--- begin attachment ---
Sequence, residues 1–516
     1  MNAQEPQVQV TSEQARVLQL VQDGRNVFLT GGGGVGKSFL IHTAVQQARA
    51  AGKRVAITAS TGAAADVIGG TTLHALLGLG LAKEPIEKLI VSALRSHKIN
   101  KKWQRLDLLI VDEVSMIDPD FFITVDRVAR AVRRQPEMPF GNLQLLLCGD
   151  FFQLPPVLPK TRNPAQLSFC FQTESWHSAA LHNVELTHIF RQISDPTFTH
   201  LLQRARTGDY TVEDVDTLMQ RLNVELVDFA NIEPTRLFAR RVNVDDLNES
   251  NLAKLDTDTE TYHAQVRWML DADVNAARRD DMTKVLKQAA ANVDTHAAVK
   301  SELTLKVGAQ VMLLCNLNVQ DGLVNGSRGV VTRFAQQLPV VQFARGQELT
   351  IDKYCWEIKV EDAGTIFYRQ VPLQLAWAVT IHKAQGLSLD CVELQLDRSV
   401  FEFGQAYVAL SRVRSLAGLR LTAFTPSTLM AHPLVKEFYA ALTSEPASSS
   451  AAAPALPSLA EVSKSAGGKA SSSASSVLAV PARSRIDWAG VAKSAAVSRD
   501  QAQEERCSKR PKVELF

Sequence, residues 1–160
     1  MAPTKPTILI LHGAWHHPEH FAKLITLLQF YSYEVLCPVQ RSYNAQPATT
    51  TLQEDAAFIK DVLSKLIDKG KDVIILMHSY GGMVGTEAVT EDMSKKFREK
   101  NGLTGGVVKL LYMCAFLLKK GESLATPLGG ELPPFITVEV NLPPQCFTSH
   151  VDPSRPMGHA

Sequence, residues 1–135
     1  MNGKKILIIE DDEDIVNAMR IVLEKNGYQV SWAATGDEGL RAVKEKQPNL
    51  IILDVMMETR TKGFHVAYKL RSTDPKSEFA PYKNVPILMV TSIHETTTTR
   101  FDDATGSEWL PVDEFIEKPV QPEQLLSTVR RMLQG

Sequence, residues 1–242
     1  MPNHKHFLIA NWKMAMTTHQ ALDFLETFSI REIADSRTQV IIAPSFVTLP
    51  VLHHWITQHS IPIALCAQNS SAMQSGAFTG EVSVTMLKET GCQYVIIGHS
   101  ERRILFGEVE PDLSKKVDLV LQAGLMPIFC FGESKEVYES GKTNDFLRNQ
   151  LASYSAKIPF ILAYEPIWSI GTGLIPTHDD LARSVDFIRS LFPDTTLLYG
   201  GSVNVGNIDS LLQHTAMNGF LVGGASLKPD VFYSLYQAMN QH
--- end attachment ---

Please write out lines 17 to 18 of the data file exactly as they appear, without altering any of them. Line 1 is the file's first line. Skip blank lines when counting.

   151  VDPSRPMGHA

Sequence, residues 1–135